When the IPv4 addresses are depleted, IPv6 will be rapidly deployed everywhere. This, however, is also another myth. Unfortunately, the time for a smooth and fairly rapid transition has come and gone, and even though the depletion of IPv4 addresses is looming closer than ever before, the transition from IPv4 to IPv6 is still going to occur over the span of years instead of months. The phrase “kicking and screaming” comes to mind in this process much more often than “that’s a great idea.” During this transition both IPv4 and IPv6 will coexist on the Internet, along with numerous mechanisms to communicate between services in each environment.

Myth 3: NAT Provides Security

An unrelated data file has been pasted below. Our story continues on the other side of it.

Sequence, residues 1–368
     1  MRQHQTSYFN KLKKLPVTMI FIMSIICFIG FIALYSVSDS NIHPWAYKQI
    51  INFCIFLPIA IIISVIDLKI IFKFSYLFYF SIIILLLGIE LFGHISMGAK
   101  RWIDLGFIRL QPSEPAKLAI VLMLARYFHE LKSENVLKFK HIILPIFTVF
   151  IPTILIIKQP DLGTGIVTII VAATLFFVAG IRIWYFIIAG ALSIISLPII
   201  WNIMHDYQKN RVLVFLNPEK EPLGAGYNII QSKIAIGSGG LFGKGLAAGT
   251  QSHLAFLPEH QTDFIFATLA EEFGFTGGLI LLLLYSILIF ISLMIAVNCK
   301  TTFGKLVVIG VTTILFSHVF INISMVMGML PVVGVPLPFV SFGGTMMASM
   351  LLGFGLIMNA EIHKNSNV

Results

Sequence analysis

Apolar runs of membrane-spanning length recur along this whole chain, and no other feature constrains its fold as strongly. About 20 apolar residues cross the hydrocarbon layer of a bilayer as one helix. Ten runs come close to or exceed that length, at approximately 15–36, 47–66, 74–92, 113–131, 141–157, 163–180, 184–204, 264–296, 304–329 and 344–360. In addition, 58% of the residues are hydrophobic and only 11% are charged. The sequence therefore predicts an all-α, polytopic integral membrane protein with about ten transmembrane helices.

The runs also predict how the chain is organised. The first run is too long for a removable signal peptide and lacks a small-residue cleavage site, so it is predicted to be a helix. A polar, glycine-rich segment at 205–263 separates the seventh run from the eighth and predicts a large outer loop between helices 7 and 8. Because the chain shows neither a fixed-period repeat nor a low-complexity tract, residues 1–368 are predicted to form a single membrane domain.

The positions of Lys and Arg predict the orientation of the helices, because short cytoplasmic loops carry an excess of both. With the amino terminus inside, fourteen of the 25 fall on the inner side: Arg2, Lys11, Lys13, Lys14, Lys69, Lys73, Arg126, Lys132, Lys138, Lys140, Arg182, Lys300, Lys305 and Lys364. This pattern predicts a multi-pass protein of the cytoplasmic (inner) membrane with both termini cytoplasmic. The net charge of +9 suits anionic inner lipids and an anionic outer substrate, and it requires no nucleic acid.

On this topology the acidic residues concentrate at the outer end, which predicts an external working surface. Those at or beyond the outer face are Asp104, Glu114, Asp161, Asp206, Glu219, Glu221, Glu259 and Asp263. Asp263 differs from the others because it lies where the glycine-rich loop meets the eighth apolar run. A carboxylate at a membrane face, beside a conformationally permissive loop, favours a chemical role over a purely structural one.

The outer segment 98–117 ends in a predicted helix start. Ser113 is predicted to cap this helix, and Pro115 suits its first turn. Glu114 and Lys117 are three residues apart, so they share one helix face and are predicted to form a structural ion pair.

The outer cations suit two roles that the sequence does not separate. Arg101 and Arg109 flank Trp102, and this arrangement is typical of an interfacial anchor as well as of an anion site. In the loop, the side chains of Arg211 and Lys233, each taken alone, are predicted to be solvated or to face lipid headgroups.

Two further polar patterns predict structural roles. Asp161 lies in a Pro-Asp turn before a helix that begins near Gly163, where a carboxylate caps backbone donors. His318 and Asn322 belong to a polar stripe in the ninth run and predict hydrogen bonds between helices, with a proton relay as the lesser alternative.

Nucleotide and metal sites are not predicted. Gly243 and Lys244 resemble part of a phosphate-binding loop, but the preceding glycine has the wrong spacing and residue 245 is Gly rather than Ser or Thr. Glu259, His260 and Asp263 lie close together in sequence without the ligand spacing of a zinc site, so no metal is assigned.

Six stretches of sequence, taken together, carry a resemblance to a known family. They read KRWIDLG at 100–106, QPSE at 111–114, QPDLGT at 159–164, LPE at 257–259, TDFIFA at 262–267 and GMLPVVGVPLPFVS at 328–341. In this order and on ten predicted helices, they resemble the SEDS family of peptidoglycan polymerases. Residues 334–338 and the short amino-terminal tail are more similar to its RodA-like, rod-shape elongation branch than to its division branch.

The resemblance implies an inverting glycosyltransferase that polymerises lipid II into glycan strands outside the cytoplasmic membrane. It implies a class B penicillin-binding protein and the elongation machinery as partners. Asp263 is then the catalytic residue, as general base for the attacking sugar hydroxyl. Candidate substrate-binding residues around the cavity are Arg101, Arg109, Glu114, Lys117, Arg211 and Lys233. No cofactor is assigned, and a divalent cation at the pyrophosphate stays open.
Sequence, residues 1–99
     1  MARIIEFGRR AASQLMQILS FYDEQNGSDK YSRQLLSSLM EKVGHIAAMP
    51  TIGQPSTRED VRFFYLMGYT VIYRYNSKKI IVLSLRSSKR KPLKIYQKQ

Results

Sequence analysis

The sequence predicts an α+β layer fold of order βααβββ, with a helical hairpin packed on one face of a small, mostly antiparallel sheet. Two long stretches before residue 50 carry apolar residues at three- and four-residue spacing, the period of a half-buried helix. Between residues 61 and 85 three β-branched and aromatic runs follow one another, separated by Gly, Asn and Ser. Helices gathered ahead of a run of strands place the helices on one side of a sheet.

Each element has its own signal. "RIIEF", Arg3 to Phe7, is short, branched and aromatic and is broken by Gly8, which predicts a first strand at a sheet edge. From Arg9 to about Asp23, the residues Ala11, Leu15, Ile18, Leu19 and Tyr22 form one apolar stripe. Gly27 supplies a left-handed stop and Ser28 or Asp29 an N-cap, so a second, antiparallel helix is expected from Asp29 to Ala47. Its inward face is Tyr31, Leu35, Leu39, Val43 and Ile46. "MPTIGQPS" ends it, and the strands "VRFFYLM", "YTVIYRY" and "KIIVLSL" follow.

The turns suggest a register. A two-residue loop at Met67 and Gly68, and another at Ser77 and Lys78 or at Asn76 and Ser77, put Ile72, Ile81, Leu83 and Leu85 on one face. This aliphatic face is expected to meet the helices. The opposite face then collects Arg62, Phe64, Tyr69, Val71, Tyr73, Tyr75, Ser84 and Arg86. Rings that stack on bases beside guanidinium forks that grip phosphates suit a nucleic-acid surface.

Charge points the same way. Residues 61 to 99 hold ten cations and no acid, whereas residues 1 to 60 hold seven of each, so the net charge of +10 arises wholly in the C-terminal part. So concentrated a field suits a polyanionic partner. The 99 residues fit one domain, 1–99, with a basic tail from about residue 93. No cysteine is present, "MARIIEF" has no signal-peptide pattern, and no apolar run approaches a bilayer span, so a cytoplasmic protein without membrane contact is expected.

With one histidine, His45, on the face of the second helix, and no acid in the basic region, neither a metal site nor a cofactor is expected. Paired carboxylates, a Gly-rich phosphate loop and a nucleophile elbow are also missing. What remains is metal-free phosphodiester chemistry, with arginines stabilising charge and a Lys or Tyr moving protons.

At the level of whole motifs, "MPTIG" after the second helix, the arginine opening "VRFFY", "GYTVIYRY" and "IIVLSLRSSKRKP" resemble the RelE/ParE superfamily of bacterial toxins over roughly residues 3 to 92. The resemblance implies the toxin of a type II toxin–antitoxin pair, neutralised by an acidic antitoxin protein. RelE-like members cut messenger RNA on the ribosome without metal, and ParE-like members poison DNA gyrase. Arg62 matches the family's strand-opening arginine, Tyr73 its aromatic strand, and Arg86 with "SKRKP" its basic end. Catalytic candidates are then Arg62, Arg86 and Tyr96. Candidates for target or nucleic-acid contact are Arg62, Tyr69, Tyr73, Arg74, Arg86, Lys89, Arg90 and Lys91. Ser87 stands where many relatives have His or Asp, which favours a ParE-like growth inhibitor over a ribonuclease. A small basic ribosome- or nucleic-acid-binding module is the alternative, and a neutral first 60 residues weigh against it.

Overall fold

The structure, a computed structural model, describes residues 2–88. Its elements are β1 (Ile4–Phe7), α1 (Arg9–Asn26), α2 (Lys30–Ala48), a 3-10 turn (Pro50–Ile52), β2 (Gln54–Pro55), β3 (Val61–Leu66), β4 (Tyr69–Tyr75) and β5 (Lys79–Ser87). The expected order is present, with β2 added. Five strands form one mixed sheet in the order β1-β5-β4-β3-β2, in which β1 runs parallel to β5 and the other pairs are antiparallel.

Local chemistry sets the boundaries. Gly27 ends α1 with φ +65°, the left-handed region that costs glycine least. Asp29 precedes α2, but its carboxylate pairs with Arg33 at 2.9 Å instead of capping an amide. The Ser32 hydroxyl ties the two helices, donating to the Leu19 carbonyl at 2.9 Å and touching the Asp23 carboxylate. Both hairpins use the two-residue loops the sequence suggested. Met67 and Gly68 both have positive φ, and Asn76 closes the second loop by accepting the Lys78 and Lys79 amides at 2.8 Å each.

Our next myth is that IPv6 networks will be less secure because of the elimination of Network Address Translation (NAT). One of the reasons that the IPv4 addresses have lasted as long as they have is the extensive utilization of NAT. Many people, however, falsely believe that NAT is a security mechanism. Instead of a security mechanism, NAT is solely designed to allow many private addresses to share the same global IP address. This does little to nothing to increase your security posture. The real protection comes from having stateful inspection of inbound traffic into your network. The size of the IPv6 address space eliminates the need for this overloading. Without NAT, IPv6 network configuration will definitely be less complex, but eliminating NAT will not increase or decrease the security of IPv6 networks as long as you make sure that you deploy appropriate access controls on the boundary of your network.